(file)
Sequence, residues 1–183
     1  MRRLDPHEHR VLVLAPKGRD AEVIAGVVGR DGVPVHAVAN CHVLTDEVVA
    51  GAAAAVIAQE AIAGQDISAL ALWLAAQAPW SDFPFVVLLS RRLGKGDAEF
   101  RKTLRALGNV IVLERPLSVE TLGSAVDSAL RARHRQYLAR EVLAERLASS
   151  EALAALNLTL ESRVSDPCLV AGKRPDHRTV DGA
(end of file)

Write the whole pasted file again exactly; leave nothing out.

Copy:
Sequence, residues 1–183
     1  MRRLDPHEHR VLVLAPKGRD AEVIAGVVGR DGVPVHAVAN CHVLTDEVVA
    51  GAAAAVIAQE AIAGQDISAL ALWLAAQAPW SDFPFVVLLS RRLGKGDAEF
   101  RKTLRALGNV IVLERPLSVE TLGSAVDSAL RARHRQYLAR EVLAERLASS
   151  EALAALNLTL ESRVSDPCLV AGKRPDHRTV DGA